O’Farrell initially claimed that more than 200 people were moved into shelter. Data from the Los Angeles Homeless Services authority (Lahsa), the lead county agency responsible for coordinating housing and services, and reviewed by UCLA, showed, however, that the actual number of people served was lower and that for many, the placements were fleeting or nonexistent.
UCLA’s review of the data indicated that:
Lahsa tracked 183 people who were living at the park, although advocates say the actual number of residents was higher.
As of 9 February, the agency has lost track of 97 of the 183 people it monitored.
Of those 97 people, 15 never received initial placements, and 29 left programs after less than a month.
Out of the remaining people 15 were confirmed to have returned to homelessness; 48 are in temporary shelter programs waiting for housing placements and six have left the county programs for other settings such as jails or hospitals.
Just 17 people are confirmed to be living in some form of longer term housing.
The UCLA researchers could locate only four people in housing, two of whom are Queen and Segura. The couple said they were only able to secure an apartment because Queen got hired at a housing nonprofit group after her activism at the encampment. Six people have died, the researchers found.
“The few times we’ve seen success is when people get housing through their own community networks,” said Ananya Roy, director of the UCLA Luskin Institute. When sweeps are the driving force of policy, outreach efforts are doomed to fail, she argued.
Annie Powers, co-author of the report, said their research led them to conclude it doesn’t really matter to the city of LA what happens to its unhoused population, as long as they are not camping: “It’s about eliminating people from public space much more than it is about ‘housing’,” they said.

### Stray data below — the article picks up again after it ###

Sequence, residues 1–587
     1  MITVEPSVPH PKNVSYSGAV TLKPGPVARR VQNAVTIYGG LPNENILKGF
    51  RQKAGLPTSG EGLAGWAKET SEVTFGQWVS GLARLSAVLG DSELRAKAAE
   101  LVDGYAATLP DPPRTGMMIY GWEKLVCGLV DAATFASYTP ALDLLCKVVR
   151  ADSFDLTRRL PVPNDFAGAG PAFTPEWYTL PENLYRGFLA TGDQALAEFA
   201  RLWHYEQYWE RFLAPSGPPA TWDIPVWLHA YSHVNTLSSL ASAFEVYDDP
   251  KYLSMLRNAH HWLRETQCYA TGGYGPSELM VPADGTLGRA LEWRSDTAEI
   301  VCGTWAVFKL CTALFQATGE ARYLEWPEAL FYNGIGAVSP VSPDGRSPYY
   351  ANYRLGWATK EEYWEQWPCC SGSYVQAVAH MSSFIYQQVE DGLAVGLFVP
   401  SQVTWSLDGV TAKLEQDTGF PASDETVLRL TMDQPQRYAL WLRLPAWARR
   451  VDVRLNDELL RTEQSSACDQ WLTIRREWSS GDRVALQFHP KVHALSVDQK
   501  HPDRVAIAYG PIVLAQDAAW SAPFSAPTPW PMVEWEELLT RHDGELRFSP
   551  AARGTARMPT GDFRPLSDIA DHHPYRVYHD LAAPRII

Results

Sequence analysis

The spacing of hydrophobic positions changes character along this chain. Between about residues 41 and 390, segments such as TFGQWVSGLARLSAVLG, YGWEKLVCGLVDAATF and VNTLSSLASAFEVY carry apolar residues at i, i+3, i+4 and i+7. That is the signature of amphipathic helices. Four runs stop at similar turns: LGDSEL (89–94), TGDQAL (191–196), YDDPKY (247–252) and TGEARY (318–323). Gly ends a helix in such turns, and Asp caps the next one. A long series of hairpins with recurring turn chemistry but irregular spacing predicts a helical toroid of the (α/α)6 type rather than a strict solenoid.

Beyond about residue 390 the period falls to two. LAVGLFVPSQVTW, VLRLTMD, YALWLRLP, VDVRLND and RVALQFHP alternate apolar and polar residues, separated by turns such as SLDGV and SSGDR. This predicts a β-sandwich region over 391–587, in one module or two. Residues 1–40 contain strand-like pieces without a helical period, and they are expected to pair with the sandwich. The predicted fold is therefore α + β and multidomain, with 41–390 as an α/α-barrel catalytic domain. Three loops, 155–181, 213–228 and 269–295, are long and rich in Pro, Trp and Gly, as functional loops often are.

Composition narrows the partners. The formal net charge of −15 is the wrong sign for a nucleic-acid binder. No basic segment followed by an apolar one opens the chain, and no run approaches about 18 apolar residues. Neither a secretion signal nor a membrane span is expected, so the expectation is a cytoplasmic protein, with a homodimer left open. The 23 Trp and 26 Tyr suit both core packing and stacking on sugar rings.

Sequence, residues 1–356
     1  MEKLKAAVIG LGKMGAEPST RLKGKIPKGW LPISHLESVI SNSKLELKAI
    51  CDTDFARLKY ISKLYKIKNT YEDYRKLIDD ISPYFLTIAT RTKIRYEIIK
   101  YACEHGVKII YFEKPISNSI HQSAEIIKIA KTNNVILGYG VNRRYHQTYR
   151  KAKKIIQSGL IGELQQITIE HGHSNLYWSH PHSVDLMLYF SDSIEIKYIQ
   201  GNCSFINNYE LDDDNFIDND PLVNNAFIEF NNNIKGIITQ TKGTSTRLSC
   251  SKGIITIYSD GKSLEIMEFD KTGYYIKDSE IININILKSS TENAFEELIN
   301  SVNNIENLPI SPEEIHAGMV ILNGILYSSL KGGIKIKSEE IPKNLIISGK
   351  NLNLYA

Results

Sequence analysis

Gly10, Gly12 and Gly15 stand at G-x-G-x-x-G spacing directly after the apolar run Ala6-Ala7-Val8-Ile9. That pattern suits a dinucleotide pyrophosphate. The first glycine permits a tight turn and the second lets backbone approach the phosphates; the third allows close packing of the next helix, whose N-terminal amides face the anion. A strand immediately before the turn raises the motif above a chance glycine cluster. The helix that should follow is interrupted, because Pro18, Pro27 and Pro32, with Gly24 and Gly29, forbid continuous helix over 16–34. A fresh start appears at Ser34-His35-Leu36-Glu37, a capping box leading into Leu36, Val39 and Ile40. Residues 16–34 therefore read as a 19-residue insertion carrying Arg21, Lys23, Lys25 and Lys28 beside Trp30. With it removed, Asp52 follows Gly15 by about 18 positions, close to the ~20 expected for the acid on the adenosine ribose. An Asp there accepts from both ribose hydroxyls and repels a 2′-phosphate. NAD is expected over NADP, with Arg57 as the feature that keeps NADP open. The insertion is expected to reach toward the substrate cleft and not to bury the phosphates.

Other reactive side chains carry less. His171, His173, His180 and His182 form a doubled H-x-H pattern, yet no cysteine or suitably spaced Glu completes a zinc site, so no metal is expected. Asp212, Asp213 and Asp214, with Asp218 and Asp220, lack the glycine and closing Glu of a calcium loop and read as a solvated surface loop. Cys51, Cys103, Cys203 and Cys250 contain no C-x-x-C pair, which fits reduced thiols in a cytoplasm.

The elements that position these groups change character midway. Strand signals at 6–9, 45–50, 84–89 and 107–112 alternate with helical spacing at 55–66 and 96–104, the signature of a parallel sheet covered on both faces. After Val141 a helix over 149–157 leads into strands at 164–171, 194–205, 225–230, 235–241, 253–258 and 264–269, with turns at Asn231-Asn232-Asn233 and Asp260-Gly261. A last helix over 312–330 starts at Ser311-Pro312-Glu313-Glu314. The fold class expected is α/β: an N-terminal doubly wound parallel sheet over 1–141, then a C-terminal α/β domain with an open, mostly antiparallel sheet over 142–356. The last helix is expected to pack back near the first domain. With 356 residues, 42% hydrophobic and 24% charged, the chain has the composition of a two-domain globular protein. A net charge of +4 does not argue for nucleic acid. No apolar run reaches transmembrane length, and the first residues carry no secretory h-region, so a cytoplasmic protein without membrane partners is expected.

“So many people just fall out of the system entirely,” they said. “It’s a systematic disappearance of people.”
Back outside: ‘Starting over’
The reasons behind LA’s failure to land unhoused people into permanent housing are multifold and complex.
The majority of Echo Park campers who were placed ended up at facilities run through Project Roomkey, a state program launched at the start of the pandemic to get motel rooms for unhoused people and overseen by Lahsa in LA. Although residents said they were initially thrilled to have a private room indoors, once they entered, they found strict rules and curfews controlling when they could come and go, and regulations banning visitors, which isolated them from their communities and families. The rules made it hard for people to get back on their feet and continue their jobs or find work, leading some to get kicked out while others chose to return to the streets.
Some who have lasted at Roomkey and subsequently received housing vouchers, which partially subsidize rents for very low-income people, said they were unable to find landlords that will take them.
Donald Smith, a 37-year-old veteran, became unhoused after losing his job at a restaurant at the start of the pandemic. He moved to Echo Park because he had friends there and said it felt safer than any other encampment.
When outreach workers offered him a spot at Project Roomkey before the shutdown, he quickly accepted and jumped in a bus: “I was extremely excited. I left everything I had in my tent there because I was just glad to be off the street, with a roof over my head and electricity.”
But at his site, the LA Grand Hotel, which was run by the Salvation Army, staff frequently searched his belongings, which he said was frustrating. Rules requiring him to be in his room for check-ins three times a day interfered with his food service job. Though it felt like a “glamorized jail”, he said, he stayed in the program for more than a year because he believed it would lead to a voucher for long-term housing. Earlier this month, however, he was kicked out, he said, after he missed a check-in and staff found mushrooms in his room that he had been growing from spores he bought online. He said he had previously gotten in trouble for having cannabis, which he uses to help with PTSD.
Smith is now back outside, camping with two unhoused friends inside a makeshift structure in a vacant lot, about a mile from downtown.
“This is the worst shit that ever happened to me,” he said. “I thought I was never going to have to be homeless again after I moved in to Project Roomkey.” On a recent windy afternoon, he pointed to ashes from a fire that had recently broke out next to their camping spot, while his friends tried to secure their tarp structure blowing in the strong winds.
Since Smith left Roomkey and is no longer in contact with Lahsa, he has approached another nonprofit organization to try to get a voucher: “I’m starting all over again.” The Salvation Army, declined to comment on his account.